Agreements In Restraint Of Trade

In this case, the parties were businessmen in Calcutta. The defendant, Rajcoomar suffered a loss due to competition from the complainant and reached an agreement with the complainant that if he entered into his business there, he would have made all the advances he had made to his workers. When the defendant was unable to pay, the applicant filed an appeal to recover the amount, but failed to do so because it was a trade restriction agreement that was therefore not applicable in court. Once a legitimate interest has been established, trade restriction cannot go beyond what is necessary to protect that legitimate interest. The restriction must be proportionate with respect to the duration of the restriction, the geographical area and the extent of the activities covered. The term “appropriate” generally means that it does not provide more protection than is relevant and necessary to preserve the relevant legitimate interest. With regard to geographical area, for example, a restriction for a seller who worked exclusively in the UK would be presumed to have a similar activity anywhere in the world (although this depends on the nature of the transaction). With the duration of the restriction, it is much more difficult to define a general rule. However, the courts recognize that the longer the restriction, the greater the likelihood that it will appear inappropriate. That said, it is not scandalous that the limitation of trade clauses in commercial contexts takes 2, 4 or even 5 years.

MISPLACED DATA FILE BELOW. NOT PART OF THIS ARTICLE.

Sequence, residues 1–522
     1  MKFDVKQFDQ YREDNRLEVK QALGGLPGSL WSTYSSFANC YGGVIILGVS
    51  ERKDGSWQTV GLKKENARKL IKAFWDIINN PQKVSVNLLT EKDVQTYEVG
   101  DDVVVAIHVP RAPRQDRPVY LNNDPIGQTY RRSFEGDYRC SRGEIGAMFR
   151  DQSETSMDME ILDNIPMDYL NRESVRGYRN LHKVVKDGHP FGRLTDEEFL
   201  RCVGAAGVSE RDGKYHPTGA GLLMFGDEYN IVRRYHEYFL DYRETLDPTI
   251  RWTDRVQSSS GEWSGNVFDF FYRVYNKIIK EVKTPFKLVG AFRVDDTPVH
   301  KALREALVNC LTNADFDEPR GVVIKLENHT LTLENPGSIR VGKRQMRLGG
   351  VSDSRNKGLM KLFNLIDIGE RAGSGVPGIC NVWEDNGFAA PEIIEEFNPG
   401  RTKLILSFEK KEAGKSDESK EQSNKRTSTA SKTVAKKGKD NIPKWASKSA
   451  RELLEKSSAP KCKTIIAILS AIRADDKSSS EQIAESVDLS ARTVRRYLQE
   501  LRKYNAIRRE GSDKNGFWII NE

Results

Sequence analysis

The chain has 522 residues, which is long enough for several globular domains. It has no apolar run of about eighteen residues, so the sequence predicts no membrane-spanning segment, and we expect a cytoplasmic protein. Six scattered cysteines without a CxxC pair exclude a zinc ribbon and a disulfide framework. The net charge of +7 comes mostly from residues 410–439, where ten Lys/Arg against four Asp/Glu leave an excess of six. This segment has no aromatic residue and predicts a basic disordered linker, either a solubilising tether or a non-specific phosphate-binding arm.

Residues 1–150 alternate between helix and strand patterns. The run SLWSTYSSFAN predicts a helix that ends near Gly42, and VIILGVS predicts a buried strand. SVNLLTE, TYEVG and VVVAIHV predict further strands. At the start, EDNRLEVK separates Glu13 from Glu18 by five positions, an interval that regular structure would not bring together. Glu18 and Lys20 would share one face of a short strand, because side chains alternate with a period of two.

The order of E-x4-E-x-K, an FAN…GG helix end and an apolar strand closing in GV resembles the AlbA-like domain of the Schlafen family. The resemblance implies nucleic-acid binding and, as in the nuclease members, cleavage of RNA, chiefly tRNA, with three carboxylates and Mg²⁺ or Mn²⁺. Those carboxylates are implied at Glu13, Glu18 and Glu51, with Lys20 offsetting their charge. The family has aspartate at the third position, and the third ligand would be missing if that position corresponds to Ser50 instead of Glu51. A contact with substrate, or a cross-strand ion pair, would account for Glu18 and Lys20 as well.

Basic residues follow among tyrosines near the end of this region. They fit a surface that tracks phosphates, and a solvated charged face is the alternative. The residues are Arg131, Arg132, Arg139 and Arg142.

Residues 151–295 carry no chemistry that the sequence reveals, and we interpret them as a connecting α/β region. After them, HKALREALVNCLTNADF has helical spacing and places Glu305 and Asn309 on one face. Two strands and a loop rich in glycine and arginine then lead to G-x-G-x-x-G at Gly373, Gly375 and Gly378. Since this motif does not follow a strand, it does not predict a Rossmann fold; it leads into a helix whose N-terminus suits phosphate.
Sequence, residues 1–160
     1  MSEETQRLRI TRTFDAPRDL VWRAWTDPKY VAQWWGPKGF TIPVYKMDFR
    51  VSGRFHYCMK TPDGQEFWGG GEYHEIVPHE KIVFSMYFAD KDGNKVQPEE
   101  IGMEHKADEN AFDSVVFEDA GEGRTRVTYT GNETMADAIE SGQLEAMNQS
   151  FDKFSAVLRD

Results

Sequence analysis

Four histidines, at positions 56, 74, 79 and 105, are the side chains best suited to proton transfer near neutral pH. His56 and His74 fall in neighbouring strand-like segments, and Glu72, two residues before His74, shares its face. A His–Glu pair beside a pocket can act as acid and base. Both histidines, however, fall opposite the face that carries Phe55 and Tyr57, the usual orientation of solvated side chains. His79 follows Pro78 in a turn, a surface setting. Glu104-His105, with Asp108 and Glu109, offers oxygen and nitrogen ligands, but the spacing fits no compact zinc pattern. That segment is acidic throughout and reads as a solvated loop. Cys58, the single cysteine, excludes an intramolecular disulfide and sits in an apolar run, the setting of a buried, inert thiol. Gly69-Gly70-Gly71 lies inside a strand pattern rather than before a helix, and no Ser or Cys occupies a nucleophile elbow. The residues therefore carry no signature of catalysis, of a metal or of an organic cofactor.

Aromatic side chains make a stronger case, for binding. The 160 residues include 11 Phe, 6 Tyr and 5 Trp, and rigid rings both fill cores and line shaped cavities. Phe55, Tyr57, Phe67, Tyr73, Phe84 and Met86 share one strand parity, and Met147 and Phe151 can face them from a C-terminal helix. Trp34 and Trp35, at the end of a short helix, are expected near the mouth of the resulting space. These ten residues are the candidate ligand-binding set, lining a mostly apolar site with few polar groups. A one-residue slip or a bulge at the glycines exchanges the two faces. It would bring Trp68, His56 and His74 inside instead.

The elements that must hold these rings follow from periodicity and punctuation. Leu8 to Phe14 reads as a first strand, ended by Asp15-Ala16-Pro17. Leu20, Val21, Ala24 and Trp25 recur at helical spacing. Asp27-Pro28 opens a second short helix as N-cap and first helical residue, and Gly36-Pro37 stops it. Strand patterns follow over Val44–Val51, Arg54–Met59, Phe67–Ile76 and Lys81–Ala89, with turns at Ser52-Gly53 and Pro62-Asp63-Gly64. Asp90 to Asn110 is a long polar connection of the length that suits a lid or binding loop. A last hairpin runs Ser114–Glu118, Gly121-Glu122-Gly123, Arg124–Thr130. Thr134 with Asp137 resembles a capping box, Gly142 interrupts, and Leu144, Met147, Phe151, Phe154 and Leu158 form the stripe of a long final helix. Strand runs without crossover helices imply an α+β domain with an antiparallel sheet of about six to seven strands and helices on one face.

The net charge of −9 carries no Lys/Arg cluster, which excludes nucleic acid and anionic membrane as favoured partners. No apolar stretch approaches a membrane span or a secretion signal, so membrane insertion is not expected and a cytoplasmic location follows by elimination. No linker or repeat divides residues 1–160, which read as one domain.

In the United States, the first major discussion in the opinion of the chief of the court (later President of the United States, then Head of Supreme Justice) William Howard Taft in the United States against Addyston Pipe and Steel Co. [9] Justice Taft explained the Sherman Antitrust Act of 1890[10] as a legal codification of the English common law doctrine of commercial restraint. , as in cases like Mitchel v Reynolds. [11] The Tribunal distinguishes between mere trade restrictions and those that result in the legitimate purpose of a legitimate contract and are reasonably necessary to achieve that objective. [12] An example is a non-competition clause related to the rental or sale of a bakery, as in the case of Mitchel. Such a treaty should be considered by a “rule of reason,” i.e. it should be considered legitimate if it is “necessary and incidental.” The price-fixing and supply-fixing agreements involved in the Addyston case are an example of the reserved nature of the reserve.